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Kilian Jornet – Considering the nature of this course, it’s location, severity, difficulty and true ‘Alpinist’ routes one would be foolish not to tip Kilian Jornet as a favorite for this race. As Lauri Van Houten points out, “Alpinism is traditional mountaineering with the big boots and all the gear – Skyrunning is doing the same stuff faster without all the gear…. Kilian will love it’. The race in many respects reads like one of his ‘Summits’ attempts and as such will suit him perfectly. With incredible results already achieved in 2013; Transvulcania, Zegama and Mont Blanc Marathon, one can’t help but think that Ice Trail Tarentaise is a race that will not only show him at his best but also it will be a race that he is eagerly waiting for.

Francois D'Haene 2012 TNFUTMB copyright iancorless.com

Francois D’Haene 2012 TNFUTMB copyright iancorless.com

Francois D’Haene – returns as the 2012 champion and for sure that will be a great advantage. Francois had an extremely successful 2012 with a top placing at Transvulcania but I am sure his TNFUTMB win will be the one he remembers most. He is currently in great form and for sure he will be pushing Kilian at the front.

Philipp Reiter Transgrancanaria copyright iancorless.com

Philipp Reiter Transgrancanaria copyright iancorless.com

Philipp Reiter – has incredible talent and recently won his first ever 100km race in Germany. He his experienced in the snow and without doubt this will play a big advantage in a race so demanding. He has shown in the past at races such as the extremely technical, Trofeo Kima, that he has all around ability. This will all come into play on this extremely tough and challenging race.

Rickey Gates – has been a little quiet of late. He always has a much smaller and tighter calendar in comparison to other runners but when he races, you know he will be in great shape. Top placing’s at the 2012 Transvulcania and a win at Speedgoat will carry over to this year and provide Rickey with a great base to compete against his Salomon teammates.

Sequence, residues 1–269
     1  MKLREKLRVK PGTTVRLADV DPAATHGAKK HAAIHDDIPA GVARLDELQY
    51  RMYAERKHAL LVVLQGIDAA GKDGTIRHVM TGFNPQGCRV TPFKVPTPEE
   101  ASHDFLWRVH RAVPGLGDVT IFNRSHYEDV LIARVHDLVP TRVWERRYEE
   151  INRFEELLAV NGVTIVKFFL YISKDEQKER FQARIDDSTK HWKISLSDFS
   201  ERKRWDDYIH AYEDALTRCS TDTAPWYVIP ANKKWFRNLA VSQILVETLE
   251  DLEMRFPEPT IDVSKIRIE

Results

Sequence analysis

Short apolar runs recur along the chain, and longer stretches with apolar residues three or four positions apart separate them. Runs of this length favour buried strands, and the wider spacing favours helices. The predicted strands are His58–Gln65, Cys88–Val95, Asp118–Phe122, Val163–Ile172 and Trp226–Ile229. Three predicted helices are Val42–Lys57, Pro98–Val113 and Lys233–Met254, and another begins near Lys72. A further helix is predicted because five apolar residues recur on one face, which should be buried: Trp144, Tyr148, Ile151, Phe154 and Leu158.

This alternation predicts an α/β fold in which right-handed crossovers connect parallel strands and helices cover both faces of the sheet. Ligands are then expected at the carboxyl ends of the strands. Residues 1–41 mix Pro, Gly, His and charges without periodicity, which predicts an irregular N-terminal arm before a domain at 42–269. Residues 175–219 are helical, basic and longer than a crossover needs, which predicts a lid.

Nico Valsesia – is not shy of long distances. Arguably he is known for long cycling events like riding across America in the ‘RAAM’. His recent form is unknown as he should have toed the line at the 170km Ronda dels Cims.

Jordi Bes Ginesta – is a Catalan ski mountaineer and mountain runner and one has to say that ‘Ice Trail’ will play to all his abilities. His palamares are excellent in SkiMo with top ten placing’s in Spanish Championships, European Championships and World Championships. He was eighth in the 2009 world Skyrunning Championships and although I don’t think he will fight for a top three place you should definitely see him within the top ten.

Fulvio Dapit – is no stranger to Skyrunning and will come into the Ice Trail Tarentaise with a clear understanding of what needs to be done to compete at the front of the field. Fulvio was 2011 winner at the tenth edition of Monterosa Skyrace, he placed seventh at 2012 Zegama and recently had some success at Sardinia Trail, however, his form coming to Val D’Isère is not clear. Not a podium contender but a possible top ten.

Nicolas Pianet – has been racing since March and most notably raced the ‘Trail de Faverges Icebreaker 44km’ he placed third behind Patrick Bringer but one can almost certainly assume it was a preparation event for Ice Trail. His most recent race was Mont Blanc Marathon, he placed eleventh behind a strong and dominant Kilian Jornet. Nicolas has potential to mix things up at Tarentaise but he won’t contend the podium.

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Vincent Delabarre – previous winner of TNFUTMB and currently leading courses on the UTMB route will come into this race with plenty of mountain and snow experience. Invaluable! He raced earlier in the year at Marathon des Sables, a somewhat different experience to what lies ahead in Val D’Isère.

LADIES